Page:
North Korea has developed sophisticated ways to get round United Nations sanctions, including the suspected use of its embassies to enable an illegal trade in weapons, a UN report issued yesterday revealed.
It said North Korea was also making use of intricate financial countermeasures and techniques “pioneered by drug-trafficking organisations” that made tracking its purchase of prohibited goods more difficult.
The report, compiled by a panel of eight UN experts, is part of an annual accounting of North Korean compliance with sanctions imposed in response to its banned nuclear programmes. The panel reports to the UN Security Council.
“From the incidents analysed in the period under review, the panel has found that North Korea makes increasing use of multiple and tiered circumvention techniques,” a summary of the 127-page report said.
China, North Korea’s main trading partner and ally, appeared to have complied with most of the panel’s requests for information. Some independent experts and western countries question how far Beijing has gone in implementing sanctions, although the report did not address that issue.
China has said it wants sanctions enforced.
Much of the report focused on North Korea’s overseas trade networks, rather than its relationship with China. The panel said it found a relatively complex “corporate ecosystem” of foreign-based firms and individuals that helped North Korea evade scrutiny. North Korea’s embassies play a key role in aiding and abetting these suspicious companies, the report said.
The report said the missions in Cuba and Singapore were suspected of organising an illegal shipment of Cuban fighter jets and missile parts seized on a North Korean container ship in Panama last July. It included secret North Korean documents addressed to the ship’s captain which offered detailed instructions on how to load and conceal the illegal weapons, and make a false declaration to customs officers in Panama.
Panama seized the Chong Chon Gang ship for smuggling Soviet-era arms, including two MiG-21 jet fighters, under thousands of tonnes of sugar. After the discovery, Cuban officials acknowledged it was sending “obsolete” Soviet-era weapons to be repaired in North Korea.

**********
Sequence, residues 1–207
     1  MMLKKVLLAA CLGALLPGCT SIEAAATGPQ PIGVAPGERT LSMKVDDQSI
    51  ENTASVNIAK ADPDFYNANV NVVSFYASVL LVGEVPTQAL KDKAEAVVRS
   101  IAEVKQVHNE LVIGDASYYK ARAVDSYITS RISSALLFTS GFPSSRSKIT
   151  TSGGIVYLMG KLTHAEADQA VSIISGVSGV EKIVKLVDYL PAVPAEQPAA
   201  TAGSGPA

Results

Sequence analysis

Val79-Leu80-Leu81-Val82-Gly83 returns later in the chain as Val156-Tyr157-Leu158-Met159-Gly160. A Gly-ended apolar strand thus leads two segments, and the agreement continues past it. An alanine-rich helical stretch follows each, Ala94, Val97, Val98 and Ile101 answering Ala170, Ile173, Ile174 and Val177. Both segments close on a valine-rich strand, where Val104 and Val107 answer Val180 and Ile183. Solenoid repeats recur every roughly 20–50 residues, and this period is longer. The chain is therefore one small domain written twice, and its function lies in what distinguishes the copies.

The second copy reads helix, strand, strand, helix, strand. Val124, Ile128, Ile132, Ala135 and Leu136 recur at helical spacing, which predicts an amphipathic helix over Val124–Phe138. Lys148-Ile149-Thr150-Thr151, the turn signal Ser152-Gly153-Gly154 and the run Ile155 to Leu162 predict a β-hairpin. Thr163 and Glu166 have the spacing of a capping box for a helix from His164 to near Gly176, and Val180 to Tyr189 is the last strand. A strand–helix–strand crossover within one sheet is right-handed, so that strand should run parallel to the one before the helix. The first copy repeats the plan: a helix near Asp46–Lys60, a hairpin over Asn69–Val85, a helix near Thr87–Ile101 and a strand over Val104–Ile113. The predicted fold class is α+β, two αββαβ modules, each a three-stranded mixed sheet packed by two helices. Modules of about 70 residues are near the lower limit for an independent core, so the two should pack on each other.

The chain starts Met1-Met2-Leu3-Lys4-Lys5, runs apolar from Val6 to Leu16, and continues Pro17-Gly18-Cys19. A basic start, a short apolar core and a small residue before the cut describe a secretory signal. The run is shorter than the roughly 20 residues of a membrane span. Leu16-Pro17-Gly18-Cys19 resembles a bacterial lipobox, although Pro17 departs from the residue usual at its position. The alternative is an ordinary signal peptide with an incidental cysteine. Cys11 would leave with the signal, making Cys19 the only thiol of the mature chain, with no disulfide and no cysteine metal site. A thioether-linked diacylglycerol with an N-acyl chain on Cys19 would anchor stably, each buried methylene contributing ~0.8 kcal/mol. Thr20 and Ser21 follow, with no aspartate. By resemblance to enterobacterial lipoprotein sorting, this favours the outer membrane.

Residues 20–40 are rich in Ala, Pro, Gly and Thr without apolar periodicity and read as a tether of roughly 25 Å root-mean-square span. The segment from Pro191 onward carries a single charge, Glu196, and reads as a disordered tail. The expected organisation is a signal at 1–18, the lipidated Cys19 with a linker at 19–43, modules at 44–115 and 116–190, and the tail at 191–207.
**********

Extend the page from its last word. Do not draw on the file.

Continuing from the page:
“Load the containers first and load the 10,000 tonnes of sugar [at the next port] over them so that the containers cannot be seen,” the document, translated from Korean, said.
Chinpo Shipping, a firm the report said was “co-located” with the North Korean embassy in Singapore, acted as the agent for a Pyongyang-based company that operated the vessel, and North Korean diplomatic personnel in Cuba arranged the shipping of the concealed cargo.
A North Korean embassy official yesterday denied the Singapore mission had engaged in any wrongdoing. The embassy had recently moved from the address listed, added the official, who declined to give his name.
North Korea has gone to great lengths to mask the origin of its merchant shipping fleet by reflagging and renaming ships, the report said, particularly after the tightening of UN sanctions in early 2013 following North Korea’s third nuclear test.
Most of the registered owners of the ships are small firms owning a handful of vessels, meaning Pyongyang can keep its fleet running if a ship or shipping company is seized.
Under UN sanctions, North Korea is banned from shipping and receiving cargo related to its nuclear and missile programmes. The import of some luxury goods is also banned, as is the illicit transfer of bulk cash.